Following insertion of the thread eye or eyelet member insert 12, the individual heddles are separated by cutting through the band material 4 generally midway between the expanded eye portions of consecutive heddles. FIGS. 5 through 7 depict the three work steps which serve to bend the end of these heddles into terminal eyes. In these Figures, the individual heddles are referred to by reference numeral 4'. One end portion of section 4', which is inserted into the first set of bending tools 15, 16 in an upright or edgewise position, as shown in FIG. 5, is bent between pins 17 and 18, which are movable towards each other, to form an offset portion 19 and a leg 21. In the meantime, by the closing of tools 15 and 16, the end of leg 21 is formed into a hook 20. In the second work step, depicted in FIG. 6, the offset portion 19 is held between pins 17' and 18', similar to pins 17 and 18 of FIG. 5, and leg 21 is bent at a 90° angle by tool 22. In the third work step, depicted in FIG. 7, this leg 21 is then bent through an additional 90° by tool 23, so that now it extends back parallel to the flat steel section 4'. During the bending operations shown in FIGS. 6 and 7, the radius of the bends is determined by pin 18'. In the course of all of these bending operations depicted in FIGS. 5 through 7, which bending operations are in the plane of the material, the flat steel band 4' is supported laterally along the sections to be bent by additional tool parts, not illustrated, in order to prevent a deviation or deflection from the bend plane, and restrained against movement parallel to pins 17, 18 and 17', 18'.

Using steel stock having suitable qualities, it is easily possible to perform the bending operations of FIGS. 5 through 7 when the flat steel wire is cold. It may, of course, in certain instances, be desirable to bend this material in a heated condition or, under certain circumstances, to additionally anneal the stock, after bending it in a cold condition.

Following the above bending operations to form the terminal eyes, said eyes are additionally treated to give them a precise inner cross section. For this purpose, a punching or cutting stamp is passed through the eye while the stock forming the eye is kept immobile in a die or the like, not depicted.

FIG. 8 is a vertical or elevational view of a finished heddle, fabricated by the work steps according to FIGS. 1 through 7 and having its terminal eyes punched to a precise dimension as described above. The thus gauged or calibrated eyes 30 which are formed on both ends of the flat steel band 4', are constructed in the contour depicted in FIG. 9 on an enlarged or magnified scale, in order to engage a conventional heddle support rail 31, shown in section. The heddle of FIG. 8, constructed according to the method depicted in FIGS. 1 through 7 does not require any finishing or smoothing operations or to be reworked because it does not, especially in its central part, exhibit sharp edges. The only exception to this is in the interior of each terminal eye which has been punched out, which requires slight smoothing, as by filing.

The method described above may also be used to fabricate heddles having differently formed terminal eyes, for example, those shown in FIGS. 10 and 11. FIG. 10 depicts a terminal eye 30 which is connected to the central part 36 of the heddle by a bent or offset part 35, but which otherwise exhibits the same form as the terminal eye 30 of FIG. 9. The embodiment of the terminal eye shown in FIGS. 11 and 12 corresponds, in this case, more to the form of heddle still used in forming round wire heddles; the terminal eye 32 thereof completely embraces or surrounds the heddle support rail 33.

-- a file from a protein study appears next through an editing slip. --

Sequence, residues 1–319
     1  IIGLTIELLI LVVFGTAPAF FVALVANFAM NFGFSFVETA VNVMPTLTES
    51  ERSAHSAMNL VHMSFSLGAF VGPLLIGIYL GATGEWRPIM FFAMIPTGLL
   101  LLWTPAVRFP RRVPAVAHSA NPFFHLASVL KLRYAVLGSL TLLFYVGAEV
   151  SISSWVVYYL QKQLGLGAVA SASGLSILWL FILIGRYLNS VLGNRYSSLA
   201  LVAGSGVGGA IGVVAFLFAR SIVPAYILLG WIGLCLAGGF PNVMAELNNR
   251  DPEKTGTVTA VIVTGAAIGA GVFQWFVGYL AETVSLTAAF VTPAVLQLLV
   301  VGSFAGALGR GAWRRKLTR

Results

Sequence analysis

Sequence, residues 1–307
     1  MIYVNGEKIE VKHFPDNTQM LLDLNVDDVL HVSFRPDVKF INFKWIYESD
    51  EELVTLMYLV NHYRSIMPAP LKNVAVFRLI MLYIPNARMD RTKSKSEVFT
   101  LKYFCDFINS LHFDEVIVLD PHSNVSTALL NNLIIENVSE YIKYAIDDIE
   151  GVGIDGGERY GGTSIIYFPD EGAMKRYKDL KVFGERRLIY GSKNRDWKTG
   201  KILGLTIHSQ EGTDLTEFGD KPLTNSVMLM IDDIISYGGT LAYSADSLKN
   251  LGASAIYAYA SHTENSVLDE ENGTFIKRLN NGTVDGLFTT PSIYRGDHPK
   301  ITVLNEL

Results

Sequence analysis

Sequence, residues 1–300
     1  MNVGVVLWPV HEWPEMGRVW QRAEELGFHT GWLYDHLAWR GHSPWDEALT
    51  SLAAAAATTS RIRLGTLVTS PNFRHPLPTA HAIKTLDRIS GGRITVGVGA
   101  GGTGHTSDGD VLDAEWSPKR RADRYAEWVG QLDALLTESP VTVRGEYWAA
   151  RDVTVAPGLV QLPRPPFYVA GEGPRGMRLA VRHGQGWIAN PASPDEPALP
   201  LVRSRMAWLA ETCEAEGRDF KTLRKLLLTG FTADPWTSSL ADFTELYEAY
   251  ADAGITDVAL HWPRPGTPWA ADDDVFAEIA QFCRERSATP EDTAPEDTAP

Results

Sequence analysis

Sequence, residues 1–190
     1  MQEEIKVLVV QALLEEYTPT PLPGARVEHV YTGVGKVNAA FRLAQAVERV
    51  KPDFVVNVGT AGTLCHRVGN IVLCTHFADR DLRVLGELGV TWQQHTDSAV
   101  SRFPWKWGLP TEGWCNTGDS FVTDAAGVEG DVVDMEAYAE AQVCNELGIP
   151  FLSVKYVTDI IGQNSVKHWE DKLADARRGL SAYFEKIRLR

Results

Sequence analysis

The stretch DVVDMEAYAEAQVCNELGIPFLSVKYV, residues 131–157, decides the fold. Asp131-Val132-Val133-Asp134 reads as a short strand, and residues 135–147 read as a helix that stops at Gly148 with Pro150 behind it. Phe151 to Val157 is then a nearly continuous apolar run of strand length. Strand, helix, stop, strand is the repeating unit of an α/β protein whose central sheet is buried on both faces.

Savings in material of this method, as compared to flat steel heddles punched out of band steel, sheet steel or other flat material, can amount to as much as 60 percent for heddles fabricated according to this procedure; this is of importance also because of the corresponding reduction in weight. A simplification of the process with respect to the embossing or stamping operation for the fabrication of the slot 11 results from the fact that one starts with a drawn profiled wire, exhibiting longitudinal notches, provided for on both sides of the wire.

The procedure described above can also successfully be used with punched bands or other blank heddles, which are provided with a widened middle section, because an essential saving in material is also in this instance possible by means of the method of edgewise bending of the terminal eye sections in the plane of the material as opposed to the known method of punching out these eye sections. Such a procedure is illustrated in FIGS. 13 and 14. FIG. 13 depicts a blank or unfinished part, which is punched out of band steel, wherein the width of the band steel stock corresponds to the width of the middle part 37 of the heddle. The narrowed or tapered terminal eye section 37', as well as the hook 38, have been previously formed out of the band steel during the punching operation. In a manner corresponding to the bending operations according to FIGS. 6 and 7, a terminal eye section 37' can be formed or bent into the terminal eye 39, shown in FIG. 14, by bending in the direction of the wide or larger cross section dimension. The hook 38 formed thereby engages in the lateral groove 40 of the heddle support rail 33.

It can easily be seen from the above description that the difference in width of the terminal eye 39, as opposed to the width of the middle part 36, determines the saving in material, which can be achieved by the edgewise bending of the terminal eye, as opposed to the conventional method of punching out this eye.

It should now be apparent from the above detailed description of the method of fabrication of the heddles according to this invention, that all of the objects set forth in the introduction have been successfully fulfilled.